Put the Pagefile on a Different Drive, Not Partition
The next piece of bad advice that you'll see or hear from would-be system tweakers is to create a separate partition for your pagefile — which is generally pointless when the partition is on the same hard drive. What you should actually do is move your pagefile to a completely different physical drive to split up the workload.
What Size should my Pagefile Be?
Seems like every IT guy I've ever talked to has stated the "fact" that your pagefile needs to be 1.5-2 times your physical RAM — so if you have a 4GB system, you should have an 8GB pagefile. The problem with this logic is that if you are opening 12GB worth of in-use applications, your system is going to be extremely slow, and your hard drive is going to grind to the point where your PC will be fairly unusable. You simply will not increase or decrease performance by having a gigantic pagefile; you'll just use up more drive space.
Mark Russinovich, the well-known Windows expert and author of the Sysinternals tools, says that if you want to optimise your pagefile size to fit your actual needs, you should follow a much different formula: The Minimum should be Peak Commit – Physical RAM, and the Maximum should be double that.
For example, if your system has 4GB of RAM and your peak memory usage was 5GB (including virtual memory), you should set your pagefile to at least 1GB and the maximum as 2GB to give you a buffer to keep you safe in case a RAM-hungry application needs it. If you have 8GB of RAM and a max 3GB of memory usage, you should still have a pagefile, but you would probably be fine with a 1 GB size. Note: If your system is configured for crash dumps you'll need to have a larger pagefile or Windows won't be able to write out the process memory in the event of a crash — though it's not very useful for most end-users.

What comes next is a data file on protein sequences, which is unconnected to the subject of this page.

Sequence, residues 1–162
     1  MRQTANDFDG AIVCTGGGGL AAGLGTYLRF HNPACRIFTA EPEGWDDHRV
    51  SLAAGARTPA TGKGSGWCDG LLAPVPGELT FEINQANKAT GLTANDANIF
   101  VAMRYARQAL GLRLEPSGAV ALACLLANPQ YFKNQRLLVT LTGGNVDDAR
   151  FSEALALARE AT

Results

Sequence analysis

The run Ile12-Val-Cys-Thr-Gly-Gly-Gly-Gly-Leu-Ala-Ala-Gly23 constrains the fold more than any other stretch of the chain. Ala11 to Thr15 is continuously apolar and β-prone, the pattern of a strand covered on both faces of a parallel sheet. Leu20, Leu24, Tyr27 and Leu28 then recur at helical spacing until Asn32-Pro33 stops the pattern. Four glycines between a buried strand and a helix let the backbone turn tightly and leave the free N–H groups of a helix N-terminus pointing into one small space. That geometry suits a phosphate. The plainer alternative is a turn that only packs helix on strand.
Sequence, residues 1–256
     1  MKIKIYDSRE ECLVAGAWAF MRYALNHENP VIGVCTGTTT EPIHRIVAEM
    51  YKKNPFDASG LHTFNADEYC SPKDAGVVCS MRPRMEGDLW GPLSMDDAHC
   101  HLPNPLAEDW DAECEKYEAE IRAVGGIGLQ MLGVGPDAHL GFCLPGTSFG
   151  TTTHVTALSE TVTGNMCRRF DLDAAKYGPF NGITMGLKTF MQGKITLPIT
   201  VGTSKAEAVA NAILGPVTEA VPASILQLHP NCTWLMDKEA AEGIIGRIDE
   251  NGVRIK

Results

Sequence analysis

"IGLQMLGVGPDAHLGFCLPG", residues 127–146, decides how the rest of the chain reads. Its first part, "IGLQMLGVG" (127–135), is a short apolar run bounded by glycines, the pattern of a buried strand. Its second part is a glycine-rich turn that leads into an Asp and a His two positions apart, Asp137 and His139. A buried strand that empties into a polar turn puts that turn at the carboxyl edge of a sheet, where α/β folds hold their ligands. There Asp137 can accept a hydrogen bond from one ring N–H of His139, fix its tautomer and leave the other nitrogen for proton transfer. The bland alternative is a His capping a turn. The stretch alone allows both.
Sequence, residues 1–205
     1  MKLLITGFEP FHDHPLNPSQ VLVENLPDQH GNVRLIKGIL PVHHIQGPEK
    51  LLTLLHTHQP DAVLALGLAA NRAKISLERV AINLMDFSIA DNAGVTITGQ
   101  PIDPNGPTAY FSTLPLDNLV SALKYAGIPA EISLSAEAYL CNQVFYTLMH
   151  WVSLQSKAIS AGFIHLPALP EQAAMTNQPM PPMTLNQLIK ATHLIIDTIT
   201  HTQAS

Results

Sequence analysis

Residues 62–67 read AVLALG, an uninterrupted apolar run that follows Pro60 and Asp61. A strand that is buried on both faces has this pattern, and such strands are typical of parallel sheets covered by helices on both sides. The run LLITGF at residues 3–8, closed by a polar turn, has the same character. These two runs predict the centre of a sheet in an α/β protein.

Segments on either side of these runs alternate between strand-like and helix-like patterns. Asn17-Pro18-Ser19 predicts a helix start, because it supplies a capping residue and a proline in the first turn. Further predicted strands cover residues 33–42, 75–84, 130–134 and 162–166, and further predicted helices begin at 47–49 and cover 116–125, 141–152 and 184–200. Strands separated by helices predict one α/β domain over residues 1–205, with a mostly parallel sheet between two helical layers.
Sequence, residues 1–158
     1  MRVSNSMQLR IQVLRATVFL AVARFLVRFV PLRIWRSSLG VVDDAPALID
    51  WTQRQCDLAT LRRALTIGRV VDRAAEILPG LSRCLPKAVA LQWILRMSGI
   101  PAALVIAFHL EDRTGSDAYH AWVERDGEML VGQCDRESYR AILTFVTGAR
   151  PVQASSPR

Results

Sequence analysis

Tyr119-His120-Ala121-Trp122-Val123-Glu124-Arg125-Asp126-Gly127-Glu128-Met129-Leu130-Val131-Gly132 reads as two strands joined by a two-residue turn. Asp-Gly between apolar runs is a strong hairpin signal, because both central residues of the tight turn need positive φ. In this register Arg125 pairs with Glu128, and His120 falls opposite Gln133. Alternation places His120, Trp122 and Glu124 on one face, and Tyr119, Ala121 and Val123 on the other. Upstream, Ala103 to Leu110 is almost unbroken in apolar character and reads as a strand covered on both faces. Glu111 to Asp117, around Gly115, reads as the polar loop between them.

The other size-related advice is to set the minimum and maximum size as the same so you won't have to deal with fragmentation if Windows increases the size of the pagefile. This advice is rather silly, considering that most defrag software will defragment the pagefile even if Windows increases the size, which doesn't happen very often.
The Bottom Line: Should You Disable It?
As we've seen, the only tangible benefit of disabling the pagefile is that restoring minimised applications you haven't used in a while is going to be faster. This comes at the price of not being able to actually use all of your RAM for fear of your applications crashing and burning once you hit the limit, and you'll experience a lot of weird system issues in certain applications.
The vast majority of users should never disable the pagefile or mess with the pagefile settings — just let Windows deal with the pagefile and use the available RAM for file caching, processes, and Superfetch. If you really want to speed up your PC, your best options are these:
- Upgrade your RAM.
- Clean off the crapware — the biggest cause of system slowdown.
- Switch to Microsoft Security Essentials and stop paying for bloated Windows security packages.
- Windows 7 handles multitasking much better than Windows XP did.
On my Windows 7 system with 6GB of RAM and a Windows-managed pagefile, every application opens quickly, and even the applications I haven't used in a while still open almost instantaneously. I'm regularly running it up to 80-90 per cent RAM usage, with dozens of application windows open, and I don't see a slowdown anywhere. If you want to read more extremely detailed information about how virtual memory and your pagefile really work, be sure to check out Mark Russinovich's article on the subject, which is where much of this information was sourced.
Don't agree with my conclusions? Voice your opinion in the comments, or even better — run some benchmarks to prove your point.